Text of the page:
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Publication numberUS3694388 A
Publication typeGrant
Publication dateSep 26, 1972
Filing dateJul 2, 1970
Priority dateJul 2, 1970
Publication numberUS 3694388 A, US 3694388A, US-A-3694388, US3694388 A, US3694388A
InventorsConnelly William, Sydenham Leonard, Szilagyi John
Original AssigneeCanadian Ind
Export CitationBiBTeX, EndNote, RefMan
External Links: USPTO, USPTO Assignment, Espacenet
Acrylic polymers
US 3694388 A
Abstract  available in
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Claims  available in
Description  (OCR text may contain errors)

United States Patent Omce 3,694,388 ACRYLIC POLYMERS William Connelly, Leonard Sydenham, and John Szilagyi,

Toronto, Ontario, Canada, assignors to Canadian Industries Limited, Montreal, Quebec, Canada No Drawing. Filed July 2, 1970, Ser. No. 52,063

- Int. Cl. C08f 27/12 US. Cl. 260-23 EP Claims ABSTRACT OF THE DISCLOSURE This invention relates to novel acrylic polymers and to novel acrylic coating compositions of the type commonly referred to as acrylic lacquers. More particularly, it relates to copolymers of methyl methacrylate and glycidyl acrylate or methacrylate modified by reaction with aliphatic acids and to coating compositions containing the modified copolymers.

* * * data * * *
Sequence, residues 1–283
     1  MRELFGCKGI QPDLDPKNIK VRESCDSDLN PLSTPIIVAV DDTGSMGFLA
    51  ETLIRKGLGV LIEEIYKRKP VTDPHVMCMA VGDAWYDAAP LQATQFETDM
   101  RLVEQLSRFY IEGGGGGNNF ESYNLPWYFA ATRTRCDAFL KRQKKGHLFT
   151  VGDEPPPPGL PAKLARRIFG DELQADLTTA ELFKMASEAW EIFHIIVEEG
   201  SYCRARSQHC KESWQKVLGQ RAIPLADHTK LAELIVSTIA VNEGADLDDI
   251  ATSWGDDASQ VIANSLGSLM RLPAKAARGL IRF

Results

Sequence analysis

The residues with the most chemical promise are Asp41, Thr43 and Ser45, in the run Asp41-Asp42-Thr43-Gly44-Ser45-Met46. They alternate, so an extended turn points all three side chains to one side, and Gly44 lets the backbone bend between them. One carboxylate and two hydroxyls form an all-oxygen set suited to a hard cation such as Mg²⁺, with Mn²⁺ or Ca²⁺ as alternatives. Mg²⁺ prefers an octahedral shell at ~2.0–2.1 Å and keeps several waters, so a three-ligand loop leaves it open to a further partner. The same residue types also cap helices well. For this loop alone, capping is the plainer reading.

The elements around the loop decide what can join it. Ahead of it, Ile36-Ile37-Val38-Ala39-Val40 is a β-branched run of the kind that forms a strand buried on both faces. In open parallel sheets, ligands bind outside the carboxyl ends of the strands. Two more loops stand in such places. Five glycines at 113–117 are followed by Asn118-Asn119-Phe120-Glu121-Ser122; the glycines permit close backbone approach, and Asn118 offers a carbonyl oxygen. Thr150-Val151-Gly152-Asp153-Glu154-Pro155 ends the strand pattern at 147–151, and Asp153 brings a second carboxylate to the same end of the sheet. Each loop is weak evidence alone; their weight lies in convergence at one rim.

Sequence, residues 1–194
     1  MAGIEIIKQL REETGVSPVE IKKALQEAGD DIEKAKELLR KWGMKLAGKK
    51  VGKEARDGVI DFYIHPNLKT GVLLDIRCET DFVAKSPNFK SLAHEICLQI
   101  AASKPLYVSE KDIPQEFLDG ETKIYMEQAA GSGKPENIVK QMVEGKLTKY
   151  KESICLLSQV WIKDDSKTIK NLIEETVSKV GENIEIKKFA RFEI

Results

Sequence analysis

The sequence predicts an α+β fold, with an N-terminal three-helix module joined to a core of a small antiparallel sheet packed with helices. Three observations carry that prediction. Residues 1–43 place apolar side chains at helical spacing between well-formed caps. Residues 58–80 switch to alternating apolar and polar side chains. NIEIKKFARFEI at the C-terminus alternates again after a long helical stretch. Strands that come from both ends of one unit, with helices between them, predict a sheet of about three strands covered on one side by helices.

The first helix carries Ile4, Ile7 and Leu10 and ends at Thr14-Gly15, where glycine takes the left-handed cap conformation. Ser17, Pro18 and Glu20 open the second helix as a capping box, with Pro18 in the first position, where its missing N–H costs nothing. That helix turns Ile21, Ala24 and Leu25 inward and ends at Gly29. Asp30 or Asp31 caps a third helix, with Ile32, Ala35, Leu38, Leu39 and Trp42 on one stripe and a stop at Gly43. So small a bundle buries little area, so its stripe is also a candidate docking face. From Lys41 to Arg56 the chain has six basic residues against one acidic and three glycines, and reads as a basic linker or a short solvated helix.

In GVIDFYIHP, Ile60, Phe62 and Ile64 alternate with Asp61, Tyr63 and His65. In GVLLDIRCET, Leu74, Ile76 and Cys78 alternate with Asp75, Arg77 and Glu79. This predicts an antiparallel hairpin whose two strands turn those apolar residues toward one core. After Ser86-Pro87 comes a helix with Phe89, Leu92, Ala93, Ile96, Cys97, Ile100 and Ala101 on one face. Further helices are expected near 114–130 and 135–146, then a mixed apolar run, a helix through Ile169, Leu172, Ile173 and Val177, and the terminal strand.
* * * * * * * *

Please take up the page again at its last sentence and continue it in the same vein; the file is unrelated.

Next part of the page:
Polymethyl methacrylate is widely used as a coating material because of its particular resistance to prolonged outdoor exposure. Because of this quality, polymethyl methacrylate lacquers have been found to be especially useful for the finishing of automobile bodies as well as other metallic articles subject to frequent or prolonged outdoor exposure. Such lacquers however, sulfer from a serious limitation in that they do not adhere well to conventional primers such as those commonly used under alkyd resin enamels, amino aldehyde resin enamels and nitrocellulose lacquers. Consequently, when it is desired to apply a polymethyl methacrylate lacquer to a substrate which has previously received a coat of a conventional primer, it is necessary to apply an intermediate coat of a sealing lacquer between the primer coat and the top coat of polymethylmethacrylate.

The primary object of this invention is to provide a new type of film-forming acrylic polymer and coating composition containing the same which show good adherence to conventional primers as well as good durability and high gloss retention on outdoor exposure.